Tea, like wine, contains tannins, and drinking it, especially on an empty stomach, can cause nausea. Some tea lovers insist that when the tea bag is squeezed, tannins can be released, which can make the cup of tea bitter. If you drink loose tea, the bitterness is most likely the result of too much leaf fermentation or too high a temperature.
Brew yourself a cup of tea, you will notice that the tea will not give color, will not have a pleasant smell and will be tasteless and opaque. If you drink the tea before the date indicated on the package, the tea will taste great. Of course, it’s not that the tea becomes stale or completely tasteless a few days after this date, but you should expect it to lose quality significantly faster than “regular” tea.
It’s hard to say how long it will be before the tea actually becomes that way, as time varies with different teas and storage conditions. In some cases, tea retains a certain quality for much longer, so nothing can be said about when the tea will start to spoil. When you take a significant amount of tea every month, you usually have no problems with the freshness of the tea.
Keeping a cup of tea in the fridge is the easiest way to get on vacation, but there are other factors that can help your tea last longer. Brewing iced tea at the right temperature in a thoroughly cleaned container and limiting the time at room temperature before drinking it can minimize the risk of bacterial contamination.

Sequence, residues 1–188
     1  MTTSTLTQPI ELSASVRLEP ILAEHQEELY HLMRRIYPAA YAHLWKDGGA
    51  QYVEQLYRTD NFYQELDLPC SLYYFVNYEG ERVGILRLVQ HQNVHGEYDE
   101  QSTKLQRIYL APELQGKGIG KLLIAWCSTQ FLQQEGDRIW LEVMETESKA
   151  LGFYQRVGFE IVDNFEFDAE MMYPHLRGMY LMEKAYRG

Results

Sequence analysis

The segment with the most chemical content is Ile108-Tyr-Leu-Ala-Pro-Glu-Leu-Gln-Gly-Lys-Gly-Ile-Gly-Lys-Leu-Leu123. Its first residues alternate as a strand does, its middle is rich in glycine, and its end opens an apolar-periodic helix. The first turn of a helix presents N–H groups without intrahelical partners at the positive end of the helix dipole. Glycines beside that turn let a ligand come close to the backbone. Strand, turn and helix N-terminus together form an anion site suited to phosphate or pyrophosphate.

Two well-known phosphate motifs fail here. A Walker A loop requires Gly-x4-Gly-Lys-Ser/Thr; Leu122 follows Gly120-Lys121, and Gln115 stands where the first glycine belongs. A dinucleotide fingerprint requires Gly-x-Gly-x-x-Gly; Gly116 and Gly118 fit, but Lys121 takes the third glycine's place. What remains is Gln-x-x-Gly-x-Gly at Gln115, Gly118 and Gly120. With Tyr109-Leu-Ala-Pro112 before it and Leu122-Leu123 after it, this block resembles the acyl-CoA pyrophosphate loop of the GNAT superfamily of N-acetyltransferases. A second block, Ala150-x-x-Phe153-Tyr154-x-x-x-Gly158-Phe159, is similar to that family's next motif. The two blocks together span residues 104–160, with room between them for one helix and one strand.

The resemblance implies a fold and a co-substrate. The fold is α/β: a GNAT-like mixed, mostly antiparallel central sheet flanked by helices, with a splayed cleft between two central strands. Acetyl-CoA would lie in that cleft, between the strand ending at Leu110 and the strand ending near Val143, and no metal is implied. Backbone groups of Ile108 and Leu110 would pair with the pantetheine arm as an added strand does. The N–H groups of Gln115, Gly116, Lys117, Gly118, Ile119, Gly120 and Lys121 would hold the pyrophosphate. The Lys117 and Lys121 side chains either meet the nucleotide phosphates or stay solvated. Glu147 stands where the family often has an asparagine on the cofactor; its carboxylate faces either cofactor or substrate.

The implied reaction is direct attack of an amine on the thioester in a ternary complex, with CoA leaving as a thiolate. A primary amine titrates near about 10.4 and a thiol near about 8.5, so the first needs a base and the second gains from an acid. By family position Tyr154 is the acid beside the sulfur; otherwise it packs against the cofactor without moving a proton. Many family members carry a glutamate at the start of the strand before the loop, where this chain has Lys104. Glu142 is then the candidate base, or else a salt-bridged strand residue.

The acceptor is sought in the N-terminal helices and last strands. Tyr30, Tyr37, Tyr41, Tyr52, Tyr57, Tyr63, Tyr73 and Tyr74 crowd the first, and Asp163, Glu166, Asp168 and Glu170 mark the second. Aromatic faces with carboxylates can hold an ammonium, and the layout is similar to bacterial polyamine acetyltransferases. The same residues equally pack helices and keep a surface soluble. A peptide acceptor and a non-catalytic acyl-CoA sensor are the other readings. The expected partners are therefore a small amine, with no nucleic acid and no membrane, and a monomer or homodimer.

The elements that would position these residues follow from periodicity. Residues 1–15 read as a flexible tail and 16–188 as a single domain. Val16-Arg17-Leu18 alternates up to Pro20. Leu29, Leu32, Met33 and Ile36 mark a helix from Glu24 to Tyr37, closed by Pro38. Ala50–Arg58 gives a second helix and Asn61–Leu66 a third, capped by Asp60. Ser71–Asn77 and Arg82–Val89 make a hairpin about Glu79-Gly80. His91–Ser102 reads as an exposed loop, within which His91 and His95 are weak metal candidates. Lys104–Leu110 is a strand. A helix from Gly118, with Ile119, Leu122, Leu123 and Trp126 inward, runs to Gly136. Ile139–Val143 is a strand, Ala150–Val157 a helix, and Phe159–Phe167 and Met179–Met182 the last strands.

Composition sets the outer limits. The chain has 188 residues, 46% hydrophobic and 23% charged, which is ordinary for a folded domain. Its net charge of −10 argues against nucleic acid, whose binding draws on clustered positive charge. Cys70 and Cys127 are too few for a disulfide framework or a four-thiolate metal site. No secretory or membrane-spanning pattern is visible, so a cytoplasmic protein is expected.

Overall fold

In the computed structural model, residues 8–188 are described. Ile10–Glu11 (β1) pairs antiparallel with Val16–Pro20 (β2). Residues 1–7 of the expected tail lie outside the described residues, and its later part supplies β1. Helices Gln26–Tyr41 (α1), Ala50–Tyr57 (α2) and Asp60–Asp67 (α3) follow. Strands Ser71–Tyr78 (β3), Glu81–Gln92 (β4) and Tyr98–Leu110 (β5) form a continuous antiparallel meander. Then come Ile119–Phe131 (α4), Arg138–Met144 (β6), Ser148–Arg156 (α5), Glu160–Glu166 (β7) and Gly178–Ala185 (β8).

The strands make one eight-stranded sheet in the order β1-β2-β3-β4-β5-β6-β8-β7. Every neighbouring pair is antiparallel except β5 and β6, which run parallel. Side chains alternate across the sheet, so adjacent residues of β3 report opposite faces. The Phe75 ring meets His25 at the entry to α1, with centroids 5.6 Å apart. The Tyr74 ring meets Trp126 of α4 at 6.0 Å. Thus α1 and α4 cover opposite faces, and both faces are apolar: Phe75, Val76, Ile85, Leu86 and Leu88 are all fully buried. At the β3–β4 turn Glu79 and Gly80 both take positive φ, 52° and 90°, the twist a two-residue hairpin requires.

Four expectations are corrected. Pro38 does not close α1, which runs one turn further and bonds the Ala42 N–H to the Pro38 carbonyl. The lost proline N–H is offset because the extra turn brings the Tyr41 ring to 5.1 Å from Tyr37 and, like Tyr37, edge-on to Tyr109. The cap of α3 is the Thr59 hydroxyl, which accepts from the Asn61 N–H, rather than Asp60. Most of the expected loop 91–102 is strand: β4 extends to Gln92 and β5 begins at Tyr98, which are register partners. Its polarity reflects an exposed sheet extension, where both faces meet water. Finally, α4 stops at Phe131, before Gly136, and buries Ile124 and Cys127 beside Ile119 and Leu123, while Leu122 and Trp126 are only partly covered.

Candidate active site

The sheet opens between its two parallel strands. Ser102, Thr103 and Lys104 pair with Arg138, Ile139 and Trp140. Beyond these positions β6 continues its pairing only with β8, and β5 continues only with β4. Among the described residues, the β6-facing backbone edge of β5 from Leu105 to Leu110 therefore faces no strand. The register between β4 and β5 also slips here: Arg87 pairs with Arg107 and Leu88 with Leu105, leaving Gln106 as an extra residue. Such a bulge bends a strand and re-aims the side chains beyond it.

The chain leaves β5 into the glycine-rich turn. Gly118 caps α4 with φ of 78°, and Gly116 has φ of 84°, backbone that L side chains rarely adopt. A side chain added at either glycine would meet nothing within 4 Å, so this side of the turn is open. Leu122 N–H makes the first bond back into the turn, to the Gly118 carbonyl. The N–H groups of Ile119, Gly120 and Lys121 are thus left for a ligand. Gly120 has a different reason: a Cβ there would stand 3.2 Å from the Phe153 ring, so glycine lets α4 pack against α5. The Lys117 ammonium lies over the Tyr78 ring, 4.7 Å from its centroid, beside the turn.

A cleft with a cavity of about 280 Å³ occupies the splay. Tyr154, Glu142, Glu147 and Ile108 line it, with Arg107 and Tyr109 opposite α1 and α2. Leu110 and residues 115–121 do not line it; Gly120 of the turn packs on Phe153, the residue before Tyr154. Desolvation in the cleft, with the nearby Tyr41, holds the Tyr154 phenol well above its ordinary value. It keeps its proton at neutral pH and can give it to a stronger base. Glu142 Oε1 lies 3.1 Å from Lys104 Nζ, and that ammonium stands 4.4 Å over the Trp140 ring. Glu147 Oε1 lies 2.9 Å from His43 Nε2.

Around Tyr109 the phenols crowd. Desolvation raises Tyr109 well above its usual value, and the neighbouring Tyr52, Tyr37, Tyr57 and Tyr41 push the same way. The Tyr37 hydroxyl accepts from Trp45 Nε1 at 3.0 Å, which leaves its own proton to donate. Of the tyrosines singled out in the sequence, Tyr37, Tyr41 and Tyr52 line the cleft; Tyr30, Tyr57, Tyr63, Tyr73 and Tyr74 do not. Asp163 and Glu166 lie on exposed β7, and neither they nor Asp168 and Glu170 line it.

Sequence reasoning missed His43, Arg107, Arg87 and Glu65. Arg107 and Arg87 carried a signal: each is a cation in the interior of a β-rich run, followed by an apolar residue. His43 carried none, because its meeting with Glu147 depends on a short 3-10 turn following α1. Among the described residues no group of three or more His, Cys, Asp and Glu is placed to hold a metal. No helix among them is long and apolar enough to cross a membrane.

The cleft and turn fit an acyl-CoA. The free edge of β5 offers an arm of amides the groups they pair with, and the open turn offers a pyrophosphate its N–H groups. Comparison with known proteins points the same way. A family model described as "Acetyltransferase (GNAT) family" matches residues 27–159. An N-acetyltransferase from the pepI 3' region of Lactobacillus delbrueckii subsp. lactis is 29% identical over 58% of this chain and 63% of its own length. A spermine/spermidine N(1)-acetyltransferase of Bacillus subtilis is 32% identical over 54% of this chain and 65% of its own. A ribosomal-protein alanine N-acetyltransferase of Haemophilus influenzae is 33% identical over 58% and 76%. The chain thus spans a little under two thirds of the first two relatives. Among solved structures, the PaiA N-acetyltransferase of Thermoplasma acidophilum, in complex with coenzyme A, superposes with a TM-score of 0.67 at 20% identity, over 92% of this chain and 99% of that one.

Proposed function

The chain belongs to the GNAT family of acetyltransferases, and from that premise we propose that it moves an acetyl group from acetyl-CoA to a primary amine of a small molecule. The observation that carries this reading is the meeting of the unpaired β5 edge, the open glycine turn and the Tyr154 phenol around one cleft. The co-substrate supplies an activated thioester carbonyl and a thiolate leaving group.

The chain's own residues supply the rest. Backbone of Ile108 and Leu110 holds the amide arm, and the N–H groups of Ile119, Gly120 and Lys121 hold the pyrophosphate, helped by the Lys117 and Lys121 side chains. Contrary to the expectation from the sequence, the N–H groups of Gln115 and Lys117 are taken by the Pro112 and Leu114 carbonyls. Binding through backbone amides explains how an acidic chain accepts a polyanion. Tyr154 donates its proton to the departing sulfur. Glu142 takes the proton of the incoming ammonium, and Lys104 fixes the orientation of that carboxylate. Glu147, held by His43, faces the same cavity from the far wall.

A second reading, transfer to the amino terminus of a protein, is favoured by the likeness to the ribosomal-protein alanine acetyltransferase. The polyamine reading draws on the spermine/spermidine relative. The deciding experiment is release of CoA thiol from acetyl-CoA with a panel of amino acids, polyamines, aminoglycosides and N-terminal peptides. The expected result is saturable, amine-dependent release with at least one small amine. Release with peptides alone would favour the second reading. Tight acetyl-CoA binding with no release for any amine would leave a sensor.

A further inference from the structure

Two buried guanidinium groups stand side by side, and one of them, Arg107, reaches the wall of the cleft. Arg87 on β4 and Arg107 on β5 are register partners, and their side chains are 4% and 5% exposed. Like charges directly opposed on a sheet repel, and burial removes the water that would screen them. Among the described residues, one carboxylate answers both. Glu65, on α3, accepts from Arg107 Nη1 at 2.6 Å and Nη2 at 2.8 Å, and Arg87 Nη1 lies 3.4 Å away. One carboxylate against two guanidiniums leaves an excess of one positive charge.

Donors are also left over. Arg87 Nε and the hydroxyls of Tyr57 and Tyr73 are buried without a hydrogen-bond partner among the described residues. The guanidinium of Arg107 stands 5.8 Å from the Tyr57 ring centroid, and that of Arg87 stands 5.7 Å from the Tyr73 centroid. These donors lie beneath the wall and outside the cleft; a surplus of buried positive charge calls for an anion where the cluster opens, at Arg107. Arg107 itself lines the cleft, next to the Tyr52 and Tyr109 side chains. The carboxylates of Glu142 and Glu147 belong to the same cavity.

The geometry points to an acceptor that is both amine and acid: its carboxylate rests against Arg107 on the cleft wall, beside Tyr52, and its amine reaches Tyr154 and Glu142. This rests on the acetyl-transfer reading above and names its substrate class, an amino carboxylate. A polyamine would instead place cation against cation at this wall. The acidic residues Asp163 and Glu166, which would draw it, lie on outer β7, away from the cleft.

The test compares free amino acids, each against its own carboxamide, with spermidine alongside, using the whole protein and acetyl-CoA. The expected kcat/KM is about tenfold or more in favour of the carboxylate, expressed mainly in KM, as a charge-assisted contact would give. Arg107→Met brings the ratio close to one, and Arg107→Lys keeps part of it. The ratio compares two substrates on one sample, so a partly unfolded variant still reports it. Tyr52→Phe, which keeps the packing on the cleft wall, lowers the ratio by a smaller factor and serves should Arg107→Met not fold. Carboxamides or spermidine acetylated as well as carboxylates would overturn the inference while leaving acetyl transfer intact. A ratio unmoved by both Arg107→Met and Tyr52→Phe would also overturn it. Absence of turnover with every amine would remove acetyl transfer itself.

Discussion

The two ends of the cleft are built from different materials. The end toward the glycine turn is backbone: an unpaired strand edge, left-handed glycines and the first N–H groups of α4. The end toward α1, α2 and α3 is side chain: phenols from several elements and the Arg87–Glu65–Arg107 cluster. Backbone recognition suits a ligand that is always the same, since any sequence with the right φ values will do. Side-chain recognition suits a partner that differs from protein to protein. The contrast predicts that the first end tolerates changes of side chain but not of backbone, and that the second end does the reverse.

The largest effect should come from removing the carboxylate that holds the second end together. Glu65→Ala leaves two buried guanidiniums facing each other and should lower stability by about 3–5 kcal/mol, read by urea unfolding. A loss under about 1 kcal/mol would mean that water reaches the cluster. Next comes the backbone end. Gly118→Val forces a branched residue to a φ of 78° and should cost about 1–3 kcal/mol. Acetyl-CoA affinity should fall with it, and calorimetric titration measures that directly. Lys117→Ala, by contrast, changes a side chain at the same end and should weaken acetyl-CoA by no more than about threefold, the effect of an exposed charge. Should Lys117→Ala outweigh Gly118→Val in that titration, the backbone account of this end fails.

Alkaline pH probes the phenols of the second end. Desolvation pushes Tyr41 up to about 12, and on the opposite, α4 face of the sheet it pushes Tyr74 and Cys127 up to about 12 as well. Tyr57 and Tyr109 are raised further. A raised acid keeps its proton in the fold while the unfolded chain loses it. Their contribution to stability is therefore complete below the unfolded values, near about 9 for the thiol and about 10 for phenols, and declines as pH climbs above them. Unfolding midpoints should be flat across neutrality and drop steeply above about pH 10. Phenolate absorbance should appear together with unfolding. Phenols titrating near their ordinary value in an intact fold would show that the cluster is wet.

According to the CDC, “The practice of making sun tea by steeping tea bags in a container of water in the sun may have a higher theoretical risk than brewing tea at a higher temperature because it creates a bacterial environment that may survive, and multiply. According to the CDC, “sun tea is made by soaking tea bags in a container of water in the sun (also known as brewing tea at a higher temperature) than brewing tea at a higher temperature. iced tea) increases the risk of bacteria growing in it.
The good news is that tea usually stays fresh for a while: 3 to 4 months in a bag, and up to a year in a can or other airtight container. This means that if the container or box is not closed tightly, the tea bags or tea leaves will start to smell strange over time.
What Happens if you Drink Bad Tea?
According to the research, the tea that has gone bad contains coliform bacteria that can lead to an upset stomach causing diarrhea, nausea, vomiting, and other problems. Besides that, tea also contains caffeine which may affect health even more when consumed with other spoiled products.
How Do You Know if Tea Has Gone Bad?
The tea does go bad, and these are the four major signs that indicate that the tea has gone bad.
- It smells dank and pungent.
- It has caught mold.
- The flavor and scent have disappeared.
- It has crossed its expiration date or has been stored improperly.
What Happens if you Accidentally Drank Moldy Tea?
If you accidentally drank moldy tea, there would be no hazardous symptoms most commonly. Our stomach contains HCL (Hydrochloric Acid), which kills any foreign particle or pathogen that invades the body. However, some people may come across some symptoms like cramping or even diarrhea.